Патент USA US2113712код для вставки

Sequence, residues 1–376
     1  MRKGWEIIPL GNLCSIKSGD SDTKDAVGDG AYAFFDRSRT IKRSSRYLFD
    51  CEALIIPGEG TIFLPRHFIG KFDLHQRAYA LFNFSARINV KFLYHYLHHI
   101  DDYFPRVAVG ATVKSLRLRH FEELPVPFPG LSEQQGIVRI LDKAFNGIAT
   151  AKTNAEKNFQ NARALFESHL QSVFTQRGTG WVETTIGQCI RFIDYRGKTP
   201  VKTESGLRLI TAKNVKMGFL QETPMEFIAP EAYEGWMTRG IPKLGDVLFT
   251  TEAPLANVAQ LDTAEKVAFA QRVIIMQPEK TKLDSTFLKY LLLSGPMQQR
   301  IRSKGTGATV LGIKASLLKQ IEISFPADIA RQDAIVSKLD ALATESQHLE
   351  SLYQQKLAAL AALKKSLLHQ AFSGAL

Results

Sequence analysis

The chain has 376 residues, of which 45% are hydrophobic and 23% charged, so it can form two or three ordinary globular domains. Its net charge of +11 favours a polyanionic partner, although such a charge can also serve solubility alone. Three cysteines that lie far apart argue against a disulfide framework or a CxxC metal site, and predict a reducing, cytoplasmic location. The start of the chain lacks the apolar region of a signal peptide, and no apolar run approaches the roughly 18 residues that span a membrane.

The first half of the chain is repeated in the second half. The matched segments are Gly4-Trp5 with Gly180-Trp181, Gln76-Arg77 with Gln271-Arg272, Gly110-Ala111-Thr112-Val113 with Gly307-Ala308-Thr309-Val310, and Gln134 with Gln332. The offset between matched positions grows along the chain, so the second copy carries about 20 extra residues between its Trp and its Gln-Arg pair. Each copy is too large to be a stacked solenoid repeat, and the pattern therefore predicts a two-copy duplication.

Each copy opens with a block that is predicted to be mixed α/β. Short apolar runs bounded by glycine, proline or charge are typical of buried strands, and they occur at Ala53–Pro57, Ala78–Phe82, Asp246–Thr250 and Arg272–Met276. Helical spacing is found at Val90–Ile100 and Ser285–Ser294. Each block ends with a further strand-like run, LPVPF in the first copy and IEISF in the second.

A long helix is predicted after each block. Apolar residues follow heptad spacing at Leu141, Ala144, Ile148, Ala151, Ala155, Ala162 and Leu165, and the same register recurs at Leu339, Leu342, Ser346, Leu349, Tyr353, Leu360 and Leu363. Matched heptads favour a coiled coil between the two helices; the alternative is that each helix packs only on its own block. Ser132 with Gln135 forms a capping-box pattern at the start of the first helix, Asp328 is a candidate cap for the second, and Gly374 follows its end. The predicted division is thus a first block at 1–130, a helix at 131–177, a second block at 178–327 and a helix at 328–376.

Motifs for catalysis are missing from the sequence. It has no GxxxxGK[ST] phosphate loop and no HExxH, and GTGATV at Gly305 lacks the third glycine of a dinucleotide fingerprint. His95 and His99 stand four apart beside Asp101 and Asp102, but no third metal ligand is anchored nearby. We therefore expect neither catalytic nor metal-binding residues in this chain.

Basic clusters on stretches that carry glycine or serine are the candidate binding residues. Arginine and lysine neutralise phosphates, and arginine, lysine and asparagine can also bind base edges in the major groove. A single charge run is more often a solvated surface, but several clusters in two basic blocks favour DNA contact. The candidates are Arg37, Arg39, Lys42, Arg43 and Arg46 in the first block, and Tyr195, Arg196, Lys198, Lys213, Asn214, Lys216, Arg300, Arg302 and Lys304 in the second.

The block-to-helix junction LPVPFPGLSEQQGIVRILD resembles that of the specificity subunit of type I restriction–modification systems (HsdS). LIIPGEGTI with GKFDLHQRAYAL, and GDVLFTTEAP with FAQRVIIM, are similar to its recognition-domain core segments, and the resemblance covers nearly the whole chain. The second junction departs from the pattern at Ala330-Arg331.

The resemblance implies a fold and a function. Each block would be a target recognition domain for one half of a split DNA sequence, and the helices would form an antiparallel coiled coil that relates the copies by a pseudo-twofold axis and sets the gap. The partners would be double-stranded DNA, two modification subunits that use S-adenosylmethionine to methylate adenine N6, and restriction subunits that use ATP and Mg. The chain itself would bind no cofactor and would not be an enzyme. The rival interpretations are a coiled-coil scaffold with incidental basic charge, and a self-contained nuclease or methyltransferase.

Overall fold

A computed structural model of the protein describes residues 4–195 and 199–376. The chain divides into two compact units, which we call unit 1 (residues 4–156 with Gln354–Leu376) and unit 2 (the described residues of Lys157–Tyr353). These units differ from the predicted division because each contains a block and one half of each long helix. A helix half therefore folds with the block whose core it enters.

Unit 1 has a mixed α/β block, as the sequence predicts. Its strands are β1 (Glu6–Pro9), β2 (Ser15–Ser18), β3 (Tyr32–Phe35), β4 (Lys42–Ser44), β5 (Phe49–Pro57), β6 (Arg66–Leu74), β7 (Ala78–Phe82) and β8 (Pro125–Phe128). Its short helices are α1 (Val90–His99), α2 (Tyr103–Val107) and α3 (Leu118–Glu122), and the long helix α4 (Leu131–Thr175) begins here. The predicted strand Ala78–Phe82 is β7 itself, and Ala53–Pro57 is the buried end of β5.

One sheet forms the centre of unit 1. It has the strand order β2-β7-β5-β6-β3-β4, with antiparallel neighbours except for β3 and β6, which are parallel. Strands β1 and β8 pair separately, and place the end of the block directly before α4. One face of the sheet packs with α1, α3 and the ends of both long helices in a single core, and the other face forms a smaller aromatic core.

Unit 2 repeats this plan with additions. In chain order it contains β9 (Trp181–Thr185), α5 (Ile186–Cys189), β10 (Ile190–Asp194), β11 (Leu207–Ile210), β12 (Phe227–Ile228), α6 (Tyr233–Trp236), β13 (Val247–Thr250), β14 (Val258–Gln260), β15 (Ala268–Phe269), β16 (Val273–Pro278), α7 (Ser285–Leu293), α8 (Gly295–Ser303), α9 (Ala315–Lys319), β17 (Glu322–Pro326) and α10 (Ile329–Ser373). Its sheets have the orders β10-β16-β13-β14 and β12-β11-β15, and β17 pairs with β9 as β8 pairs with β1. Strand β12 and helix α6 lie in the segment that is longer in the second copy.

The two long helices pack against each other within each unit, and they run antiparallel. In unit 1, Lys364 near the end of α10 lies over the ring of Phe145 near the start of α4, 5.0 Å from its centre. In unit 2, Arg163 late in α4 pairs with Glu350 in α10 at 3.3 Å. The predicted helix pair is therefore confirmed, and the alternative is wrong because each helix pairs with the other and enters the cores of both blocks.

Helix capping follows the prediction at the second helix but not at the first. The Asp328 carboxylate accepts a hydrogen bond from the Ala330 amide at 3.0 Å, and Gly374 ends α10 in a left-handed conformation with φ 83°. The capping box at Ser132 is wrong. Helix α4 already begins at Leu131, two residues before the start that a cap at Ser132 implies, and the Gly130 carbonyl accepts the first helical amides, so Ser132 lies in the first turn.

April 12, 1938. F. E. ROBINSON 2,113,712 MATERIAL HANDLING DEVICE Filed Feb. 16, 1937 2 Sheets-Sheet 1 @M April 12, 1938. 2,113;712’ F. E. ROBINSON MATERIAL HANDLING DEVICE ‘Filed Feb. 16, 1937 2 Sheets-Sheet. 2 Inventor." Fem/K E. EOB/NSON, Z1“ M Waxy; - ?/Qi War/7655. Patented Apr. 12, 1938 “ UNITED STATES PAT 2,113,712‘ , FrankE. ; V ‘ MATERIAL Robinson, HANDLING smel- Heights, DEVICEomo , 7 Application February 16, 1937, Serial No. 128,098 p - 50laiins. ‘This invention relates to material‘ handling’ " devices, and,- more particularly, to such devices that are in the nature of traversing hoists for transporting annular articles from one place to another. ‘ n " In the steel industry, it is usual to convey coils of wire and strip from the manufactory, “or warehouse; to the railroad line, or other shipping depot, by means of traveling hooks arranged in ,10 spaced endless relation. These hooks are usual ly suspended from a track that is extended in an elevated position parallel to the railroad track or other roadway of shipment. Such conveyor hooks are usually disposed with the plane of @15 the hook normal to the trackway from which it is suspended, and, therefore, normal to the rail: (01. 212-18) 1 " of one form of deviceconstructed in accordance with the present invention. . 1 Figure 4 is a front elevational view of the de vice shown in Figure 3; ‘ , ' , Figure 5 is a fragmentary sectional elevation; . of a detail of the present invention. Figure 6 is a sectional view taken along lines’ @VI-VI in Figure 5. Referring now more speci?cally'to the draw ings in which like reference characters refer to like parts throughout: _ v _ . ‘ u A carriage I,‘ provided with suitable wheels 2-, ‘is disposed upon the trackway 3. The trackway 3 may be carried by a wheeledplatform 4 that ,is mounted by trackways 5 above a railroad trackway or other loading zone. - p _ road track past which it 'runs.- In this position, Depending from the carriage I is a rigid tuf coils of wire, or strip, when carried by such hook bular member 6 that extends through openings conveyors, are disposed in a vertical plane par in the platform and carriage from a mounting "I on top of the latter to which it is fastened by 20 allel to the railroad tracks. In transferring these coils from the hook con a universal joint 8. ‘The ‘universal joint is veyors to the railroad cars, it has, heretofore, adapted to permit‘the tubular member 6 to be been the custom to remove them from the hook" 7 moved in all directions at its lower end, but it is ' conveyors and dispose them within the cars in a 25 vertical position that is 90° to the positions‘ they formerly assumed when on the hook ‘conveyors. This operation has heretofore been accomplished manually, which has entailed the~expenditure of much physical labor,’ time, and energy, to load 30 one railroad car. Furthermore, this occupation ‘has been considered as involving, considerable risk to the life and limbs of the menemployed constructed to prevent the tubular _ member from having any rotative movement about its longitudinal axis. _ Telescoped within the tubular member 6 is a relatively rigid rod 0 which is adapted to slide up and down within the tubular member. The lower end of the rod 8 projects beyond the lower extremity of the tubular member 6,, and is pro vided with a clevis I II to which is secured a 001-, It is, therefore, the primary object of this lapsible hook member II. The hook‘member' is provided with an‘ article-engaging bar, I2 which, 35 invention to provide a mechanical .means- where by the manner of loading railroad cars with shown) that is actuated by lever; I3, isv adapted for this work. ' ' I coils of wire and strip, may be accomplished without the employment of manual labor. , , Itis another object of the present invention 40 to provide a material handling device that is capable of transporting articles from one‘point to another in any direction, and which is ca pable of turning such articles through‘a sub by manipulation of a release mechanism (not' 85 to swing downwardly so as to discharge any ar ticles suspended thereon.‘ . The rod 9 at its upper extremity within the vtubular member 8, is secured to a ?exible strand 40 or cable I4 by any suitable means, such asja cable socket IS‘. ‘The cable “extends upwardly through the tubular‘ member ‘6; outwardly stantial arcbefore ?nally discharging the same. through a ‘central aperture within the .universal Ijoint 8; upwardly over a‘ suitable guide‘ sheave 45 parent hereinafter in the following speci?cation I6,‘ and downwardly ‘to a suitably powered drum " when read in conjunction withthe accompanying or Windlass H. ‘The sheave‘ and windlass are ‘ drawings, in which: I suitably mounted, vas‘by the mounting 1, upon the Figure 1 represents a schematic elevational carriage I, and: are suitably controlled'so as to 50 view disclosing the subject of this invention as it raise and lower the rod 8 within the tubular, 50 is associated with a hook conveyor for loading member 6, and,»thus, to raise and lower the hook Other objects‘ and advantages will become ap 45 a railroad car. ‘ - _ Figure 2 representsagfragmentary sectional 55 elevation taken along line 'II-lI in Figure 1.‘ Figure 3 is an enlarged side elevational view member II relative to the carriage I. '~ i ‘ The tubular member 6 is provided with, an‘ elongated spiral slot I8 within which a slide"), that is ‘rigidly secured to the, rod 9, is disposed 55 2 2,113,712 In order not to interfere with the movement of the railroad cars, the carriage I may be with drawn to one extremity of the trackway 3 upon the platform 4, and the collapsible hook II, by virtue of the universal mounting 8, drawn in wardly and secured so as to afford clearance for to ride. The slot I 8 forms a cam, which, as the rod 9 is raised and lowered within the tubular member 6 by the cable l4, induces the slide I 9 to follow its spiral path, which, in turn, exerts a torque upon the rod 9, and causes it to turn substantially 90° about its own axis. The pur pose for the cam slot and rotative movement 01' the rod 9 will become apparent hereinafter when 10 objects passing therebeneath. the operation of the mechanism is discussed. The invention is principally concerned with the provision of the novel article-handling means, An operator’s platform 20 is also hung from ‘the carriage I so as to be disposed adjacent the which may be raised and lowered, and simultane ously turned through a substantial arc, thus sim upper ‘extremity of movement of the hook H, which is its principal loading position. Suitable controls 2| are provided adjacent the operator's 15 platform 20, and may be advantageously secured upon the tubular member 6 by suitable brackets 22, whereby the operator on platform 20 may control the position of the platform 4, the car riage 2, and the hook ll, without moving from 20 his post. A pull-cord 23 is secured to the hook trip-lever l3, .and is fastened at its upper end ulating movements obtainable hitherto only by the use of manual labor. Many modi?cations may be made without departing from the spirit of the invention, such as'by transposing the tubular member 6 and the rod 9 so that the lat ter becomes the stationary part, and thetubular member 6, the relative movable part supporting to the slide l9 so that, even though the hook is moved to its lowermost position, the operator will always have access to it to collapse the hook ll. Referring more particularly to Figures 1 and 2, 25 the collapsible hook ll. Also, the precise are through which the hook H is rotated may be 20 varied to satisfy any particular situation, where by the cam slot 18 may be redesigned to afford the proper amount of rotative movement. Such a hoisting device has utility and merit as dissoci ated from either the traveling carriage I or the it will be seen that the articles to be handled, such as, coils of wire or strip 24, are conveyed traveling platform 4, with which it has been shown associated in the present disclosure for by conveyor hooks 25 in endless succession past purposes of illustration only, and as but one of the many uses to which it is adapted. Further~ more, any suitable power means, other than that raflroad tracks 26, onto which a car 21 to be loaded has been moved. In the normal course .of the loading operations, it is necessary that the coils be hoisted from the conveyor hooks 25; moved to a position overlying the car 21', and lowered therein to the position shown at 24'. 35 This necessitates that-the coils be rotated 90° in the particular arrangement illustrated in Fig ure 1. Therefore, to effect the transfer of the coils 24 from the hook conveyors 25 into the car shown, may be employed to raise and lower the hook member, and to cause its traversing move ments. The power means may be carried upon the carriage, or positioned at a remote point therefrom. a‘ .> Therefore, while I have shown and described a speci?c embodiment of my invention, I do not intend to be limited thereto since many modi ?cations, such as those discussed above, may be 21, the operator on the platform 20, ?rst brings the movable platform 4 into proper position above made without departing from the scope of my 40 the railroad car, and then actuates the carriage , invention as de?ned by the appended claims. ,I so that the hook H is confronting the conveyor 1 hooks 25. In this position, the hook II, by virtue 1. A transfer mechanism comprising a mate of the universal mounting 8, is swung toward the coil so as to dispose its article-engaging bar l2 into“ the central opening thereof. Simultane ously, the Windlass I1 is energized to cause the cable M to lift the rod 9 within the tubular mem ber 6', thereby lifting the coil from the conveyor hooks 25 so as to permit the coil 24 to swing clear thereof, and to be fully supported by the col lapsible hook II. The operator then actuates the carriage l to a suitable position so that the coil hanging upon the collapsible hook is properly positioned over the railroad car 21. Here the Windlass is reversed so as to permit the coil to be slowly lowered into the car by the retrogressive motion of the hook ‘ll, rod 9, and cable l4. During this lowering 60 movement, the slide l9, rigidly secured .to the rod 9, follows the contour of the cam slot I8 within the tubular member 6, and, thus, causes the rod 9 to turn the hook, and to rotate the coil substantially 90°, to a position substantially as 65 is shown at 24' in Figure 1, where it is discharged. )The discharging movement is accomplished by the operator pulling the pull-cord 23 to raise the lever l3 ,so as to unlatch the trip mechanism (not shown) that positions the bar l2 in the horizontal position. After discharging the coil, ' the hook may again be returned to its position adjacent the platform 20' preparatory to receiv ing the next coil, which concludes one complete cycle of its operation. I claim as my invention: - rial-engaging device, a_rigid member supporting said device, a support for suspending said rigid 45 member and device, said support being swiveled to an anchorage for non-rotative universal move ment, means‘for raising and lowering said rigid member and device relative to said support, and means rendered eifective by said raising and 50 lowering movement to rotate said material-en gaging device a substantial amount. 2. A transfer mechanism comprising an elon gated guide, an elongated rigid member telescop ically associated with said guide, a collapsible 55 hook secured to the free end of said rigid mem her, a cam rigidly afiixed upon said guide, a cam slide rigidly affixed upon said member, a ?exible strand for raising and lowering said member relative to said guide, and for coacting said cam 80 and cam-slide to vary the planar dispositionoi said hook. . ‘ 3. A transfer mechanism comprising a rela tively elevated trackway, a carriage arranged to traverse said trackway, a hoist suspended from 65 said carriage including a rigid member support ing said device, a support for suspending said rigid member and’ device, said support being swiveled to an anchorage upon said carriage for non-rotative universal movement relative to the 70 latter, means on said carriage for raising and lowering said device, and means on said support for effecting rotation of said device‘ incident to its raising and lowering movement. 75 3 9,113,712 4. A vtransfer mechanism for transporting ar ticles from a pick-up depot to a point of deposit comprising an elevated trackway extending be tween said depot and point of deposit, a car' riage disposed to traverse said trackway, a hoist suspended from said carriage and fastened there to by a universal joint, a hook on said hoist for engaging and transporting articles, and asso ciated means for rotating the hook together with the articles a substantial amount preliminary to 10 the discharge of the articles at said point of deposit. 5. A transfer mechanism comprising a rela tively elevated trackway, a carriage disposed to traverse said trackway, an elongated rigid guide swiveled to said carriage, an elongated rigid mem ber telescopically associated with said guide, a collapsible hook secured to the free end of said 5 rigid member, cam means carried in complemen tary relation by said guide and member, a ?ex ible strand secured to said member, means on said carriage to take-up and pay-out said strand to raise and lower said hook, and to render effec- 10 tive said cam means to rotate the latter. FRANK E. ROBINSON.